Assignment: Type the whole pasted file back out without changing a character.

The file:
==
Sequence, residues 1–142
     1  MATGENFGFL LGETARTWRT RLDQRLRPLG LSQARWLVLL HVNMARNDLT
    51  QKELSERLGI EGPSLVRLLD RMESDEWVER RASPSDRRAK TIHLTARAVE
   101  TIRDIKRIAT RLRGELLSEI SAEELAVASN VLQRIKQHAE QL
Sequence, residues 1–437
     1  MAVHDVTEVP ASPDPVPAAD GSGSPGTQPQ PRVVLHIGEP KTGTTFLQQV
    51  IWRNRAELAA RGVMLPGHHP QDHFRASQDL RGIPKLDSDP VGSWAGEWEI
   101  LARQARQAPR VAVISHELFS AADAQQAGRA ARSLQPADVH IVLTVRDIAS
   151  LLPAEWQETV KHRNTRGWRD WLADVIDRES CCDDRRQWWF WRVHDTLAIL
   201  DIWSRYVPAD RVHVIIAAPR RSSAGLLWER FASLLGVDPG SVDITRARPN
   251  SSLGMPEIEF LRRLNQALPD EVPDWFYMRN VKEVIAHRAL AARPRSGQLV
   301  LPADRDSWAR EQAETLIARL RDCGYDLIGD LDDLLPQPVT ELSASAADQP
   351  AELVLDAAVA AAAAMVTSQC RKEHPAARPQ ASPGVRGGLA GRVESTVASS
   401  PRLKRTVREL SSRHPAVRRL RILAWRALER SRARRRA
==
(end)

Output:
Sequence, residues 1–142
     1  MATGENFGFL LGETARTWRT RLDQRLRPLG LSQARWLVLL HVNMARNDLT
    51  QKELSERLGI EGPSLVRLLD RMESDEWVER RASPSDRRAK TIHLTARAVE
   101  TIRDIKRIAT RLRGELLSEI SAEELAVASN VLQRIKQHAE QL
Sequence, residues 1–437
     1  MAVHDVTEVP ASPDPVPAAD GSGSPGTQPQ PRVVLHIGEP KTGTTFLQQV
    51  IWRNRAELAA RGVMLPGHHP QDHFRASQDL RGIPKLDSDP VGSWAGEWEI
   101  LARQARQAPR VAVISHELFS AADAQQAGRA ARSLQPADVH IVLTVRDIAS
   151  LLPAEWQETV KHRNTRGWRD WLADVIDRES CCDDRRQWWF WRVHDTLAIL
   201  DIWSRYVPAD RVHVIIAAPR RSSAGLLWER FASLLGVDPG SVDITRARPN
   251  SSLGMPEIEF LRRLNQALPD EVPDWFYMRN VKEVIAHRAL AARPRSGQLV
   301  LPADRDSWAR EQAETLIARL RDCGYDLIGD LDDLLPQPVT ELSASAADQP
   351  AELVLDAAVA AAAAMVTSQC RKEHPAARPQ ASPGVRGGLA GRVESTVASS
   401  PRLKRTVREL SSRHPAVRRL RILAWRALER SRARRRA